The World Council of Churches (WCC) is an organization formed as a fellowship of churches that believe in the doctrine of Jesus Christ as the Son of God and Savior of mankind. The Council was formally organized in Amsterdam in 1948. The goal of the WCC is to provide a forum to promote tolerance and unite various Christian denominations. The World Council of Churches is not an organized church and does not espouse any particular religious doctrine other than the belief that Jesus Christ is Lord and Savior. The council assembly, the controlling body of the WCC, meets approximately every six years at various international locations.
Formation of the WCC
The Council grew out of two movements of the late 1930s: The Faith and Order movement and the Life and Work movement. The Faith and Order movement sought to address church organization and beliefs and the Life and Work movement addressed practical issues that impacted the lives of believers. In 1938, representatives from both movements gathered in the Netherlands with the plan to create a unified constitution and merge into one council. However, World War II put these plans on hold until the following decade.
The WCC assembly appoints a central committee who selects 26 executive committee members and six co-presidents. This elected team carries out the work of the WCC between meetings of the assembly. The WCC maintains a headquarters in Geneva, Switzerland. The Council began with 147 denominations, but has now grown to include 345 member denominations.
WCC Inclusions and Exclusions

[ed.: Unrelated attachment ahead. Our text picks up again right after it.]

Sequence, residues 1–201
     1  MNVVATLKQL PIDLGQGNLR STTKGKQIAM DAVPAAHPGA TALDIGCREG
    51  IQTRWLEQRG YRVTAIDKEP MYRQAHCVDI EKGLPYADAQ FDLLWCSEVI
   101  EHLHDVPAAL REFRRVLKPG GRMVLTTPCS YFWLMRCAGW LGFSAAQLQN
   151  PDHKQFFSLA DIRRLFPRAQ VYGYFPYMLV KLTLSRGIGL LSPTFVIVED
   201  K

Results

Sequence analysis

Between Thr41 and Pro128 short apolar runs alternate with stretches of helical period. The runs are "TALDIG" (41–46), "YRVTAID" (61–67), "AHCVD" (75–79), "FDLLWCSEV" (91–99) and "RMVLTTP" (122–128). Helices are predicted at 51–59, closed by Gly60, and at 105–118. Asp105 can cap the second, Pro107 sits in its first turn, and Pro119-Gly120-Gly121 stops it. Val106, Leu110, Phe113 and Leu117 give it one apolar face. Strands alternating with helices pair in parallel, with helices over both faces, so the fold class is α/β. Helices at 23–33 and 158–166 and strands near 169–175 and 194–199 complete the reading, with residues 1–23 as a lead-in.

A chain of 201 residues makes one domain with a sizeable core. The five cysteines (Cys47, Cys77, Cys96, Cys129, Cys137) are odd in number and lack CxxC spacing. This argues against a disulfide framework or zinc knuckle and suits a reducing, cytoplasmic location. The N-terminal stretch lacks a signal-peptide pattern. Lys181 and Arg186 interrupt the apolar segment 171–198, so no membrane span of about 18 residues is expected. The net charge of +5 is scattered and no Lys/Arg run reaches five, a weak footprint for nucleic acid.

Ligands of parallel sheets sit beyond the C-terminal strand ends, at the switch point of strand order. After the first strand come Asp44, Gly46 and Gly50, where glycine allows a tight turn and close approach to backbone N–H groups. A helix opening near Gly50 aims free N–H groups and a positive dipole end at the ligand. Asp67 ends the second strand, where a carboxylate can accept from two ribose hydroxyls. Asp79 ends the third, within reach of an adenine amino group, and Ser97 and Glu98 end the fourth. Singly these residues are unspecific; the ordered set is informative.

Two notable denominations are not members of the WCC: The Roman Catholic Church and the American Southern Baptist denomination. However, the Eastern Orthodox church and many Protestant denominations in the U.S. are included as members.
Ecumenical Goals of the WCC
The WCC promotes Ecumenism as an overarching goal of the organization. Ecumenism is defined as the effort to merge all denominations into a unified eucharistic fellowship. However, in recent years, the WCC has been accused of promoting political radicalism and doctrinal deviations.
Criticisms of the WCC
Vocal critics claim that the Council appears to publicly embrace liberal socialistic and communistic principles while decrying the evils of capitalism and free market philosophies. traditionally conservative views. The Council also promotes total world disarmament, a traditionally leftist view. In other words, the WCC seeks to ban guns and weapons both in the US and across the globe.
Another criticism of the Council is their rather loose requirements for membership. For example, several member denominations do not believe in the triune God; the Father, Son and the Holy Spirit. The Council has changed references to “witnessing” to “dialogue,” promoting the notion that all religions are valid and deserve active dialogue instead of imposing one belief system of Christianity on other denominations and doctrines. The WCC does not verify membership information so the only way that a denomination’s doctrine is known is by their own declarations on the WCC membership application.
Critics claim that the Council is an organization seeking to unify not only Christian religions, but to unify all religions under one umbrella. Many critics see the World Council of Churches as a tool of the AntiChrist to bring about the New World Order.